Thursday, October 30, 2014


A recent Christianity Today article (Biblical Illiteracy by the numbers Part 1:  The Challenge) gave some stats on Bible reading habits among church-going people.  The percentages given of those who read are:
          19% - every day
          26% - a few times a week
          14% - once a week
          22% - at least once a month
          18% - rarely or never

Of course these percentages don't tell the whole story.  While I'll accept them as reasonably accurate, they don't tell how much these people actually read when they do read - a verse? - two verses? - a chapter? - a book?

One of my first classes in seminary was Old Testament Introduction, taught by Dr. Bruce Waltke.  The class covered historical backgrounds and various theories of biblical composition.  Dr. Waltke impressed us all with his vast knowledge, not only of the Bible, but (it seemed) with every book and study written about it.  He was on a first-name basis with every character in the Bible and used their stories as illustrations in all his lectures.  Complete focus was required to keep up with him and pity the student who did not come with some previously acquired amount of biblical knowledge.

In one of the early classes, I recall one of my fellow students meekly raising his hand and saying, "Dr. Waltke, many of us aren't as familiar with the Bible as you are and we'd appreciate it if you wouldn't use so many biblical illustrations.  They're hard to follow."

Now Dr. Waltke was not at all threatening in appearance; he looked like the meek quiet scholarly type, with his thick glasses and balding forehead.   But he was feared!  I believe we all were trembling in fear for our fellow student as Dr. Waltke lowered his glasses on his nose and glared at him with the look one would give to a misbehaving child - a sort of mix of pity and disgust.

"Young man," he said slowly and softly but firmly, "I'd suggest that you go to your room this evening, sit down, take your Bible and READ IT!!"

On my previous post HISTORY LESSONS, I complained about our ignorance of history.  While I still hold those same complaints, I need to soften them a bit.  When speaking of history teachers I was speaking in generalities.  There are many solid teachers who have a passion for the study of history and are eager to share that passion with their students.  One of these was Dr. John Hannah, my Church History prof at Dallas Seminary.  Dr. Hannah portrayed the historical actors with understanding and compassion, as Dr. Waltke did with biblical characters.

But many of those passionate teachers are confronted with apathetic students, who have already been conditioned to regard history as a bore.  The ignorance is not always the fault of their current teacher.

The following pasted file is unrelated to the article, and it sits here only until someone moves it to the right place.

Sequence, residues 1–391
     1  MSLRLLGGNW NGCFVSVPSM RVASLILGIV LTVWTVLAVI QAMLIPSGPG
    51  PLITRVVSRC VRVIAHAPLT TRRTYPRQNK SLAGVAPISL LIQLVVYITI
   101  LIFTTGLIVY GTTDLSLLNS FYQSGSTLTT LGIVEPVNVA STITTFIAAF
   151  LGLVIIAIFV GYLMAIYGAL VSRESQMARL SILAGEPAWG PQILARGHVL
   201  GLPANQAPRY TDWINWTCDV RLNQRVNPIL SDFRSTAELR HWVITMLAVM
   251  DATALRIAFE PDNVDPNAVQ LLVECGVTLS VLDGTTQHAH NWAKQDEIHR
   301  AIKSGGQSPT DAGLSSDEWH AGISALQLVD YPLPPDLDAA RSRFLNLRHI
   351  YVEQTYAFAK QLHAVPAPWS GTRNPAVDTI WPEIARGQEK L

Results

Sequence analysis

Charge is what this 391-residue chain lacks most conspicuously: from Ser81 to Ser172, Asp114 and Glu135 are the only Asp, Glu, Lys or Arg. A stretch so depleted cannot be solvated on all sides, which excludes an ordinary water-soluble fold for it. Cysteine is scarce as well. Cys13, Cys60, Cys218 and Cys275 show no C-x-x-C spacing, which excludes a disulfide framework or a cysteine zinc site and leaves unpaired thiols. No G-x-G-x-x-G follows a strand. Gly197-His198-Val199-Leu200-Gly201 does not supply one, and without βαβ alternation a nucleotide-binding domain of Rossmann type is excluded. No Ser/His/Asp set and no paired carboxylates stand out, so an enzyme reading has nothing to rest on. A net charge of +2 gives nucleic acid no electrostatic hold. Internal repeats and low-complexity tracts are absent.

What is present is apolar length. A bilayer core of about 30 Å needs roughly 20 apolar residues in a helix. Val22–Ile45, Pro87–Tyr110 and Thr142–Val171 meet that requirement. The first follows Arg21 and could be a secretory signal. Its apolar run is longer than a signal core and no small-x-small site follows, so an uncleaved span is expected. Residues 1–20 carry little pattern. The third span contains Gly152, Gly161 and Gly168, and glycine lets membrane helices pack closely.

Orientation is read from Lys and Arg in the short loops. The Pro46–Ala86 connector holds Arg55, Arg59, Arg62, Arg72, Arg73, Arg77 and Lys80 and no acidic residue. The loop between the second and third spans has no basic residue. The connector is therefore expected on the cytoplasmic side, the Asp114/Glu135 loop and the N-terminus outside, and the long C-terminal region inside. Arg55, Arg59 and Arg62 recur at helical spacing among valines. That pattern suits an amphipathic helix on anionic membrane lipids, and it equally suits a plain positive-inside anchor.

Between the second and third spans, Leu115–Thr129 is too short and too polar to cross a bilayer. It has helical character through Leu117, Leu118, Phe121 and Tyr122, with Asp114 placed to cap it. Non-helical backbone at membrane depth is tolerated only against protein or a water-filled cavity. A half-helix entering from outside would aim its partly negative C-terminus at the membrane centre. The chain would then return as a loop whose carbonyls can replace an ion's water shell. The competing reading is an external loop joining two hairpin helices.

Perhaps ignorance of history might be to a certain extent explainable if not excusable.  The same could be said of ignorance of science (IGNORANCE IS NOT BLISS).  But ignorance of the Bible is definitely not excusable for the follower of Christ.

I realize that ignorance of the Bible is mainly due to the fact that people don't bother to read it.  However, if I lay much of the blame for ignorance of history on history teachers, I suppose I should do the same for ignorance of the Scriptures.  For the greater share of my life I have taught the Bible - as a pastor, as a college professor, as a Sunday school teacher, as a counselor.  Have I been a contributor to the ignorance of many?  If so, in what way?  What have I and others done to discourage people from reading the Bible?

Some observations and questions we teachers need to ask ourselves:
  • Do we come across as authorities and discourage people from thinking through biblical concepts on their own?
  • Do we use the Bible as a loose collection of stories and sermon topics that are often ripped out of context?
  • Do we bring out the great themes of the Bible and demonstrate its unity?
  • Do we demonstrate the relevance of biblical principles to every area of life?
  • Do we make an effort to teach our people how to study on their own, to observe, interpret and apply?
  • Do we moralize?  While much of the Scripture is concerned with ethics and ethical behavior, not all of it is.
  • Do we ourselves have a passion for the Word that is contagious?

According to Haddon Robinson, my prof of Homiletics (preaching) at seminary, "It's a sin to bore people with the Word of God!"

Do we?  Do I?

Tuesday, October 21, 2014


As a schoolboy, I both loved and hated history.  I loved to read the lengthy historical novels that were popular in the 40's and 50's.  I read and loved westerns, especially those that were informative about the great Indian chiefs, the soldiers and the gunfighters.  I read historical articles in my parents' Funk and Wagnall's Encyclopedia.  My head was full of stories about the men and women who made history.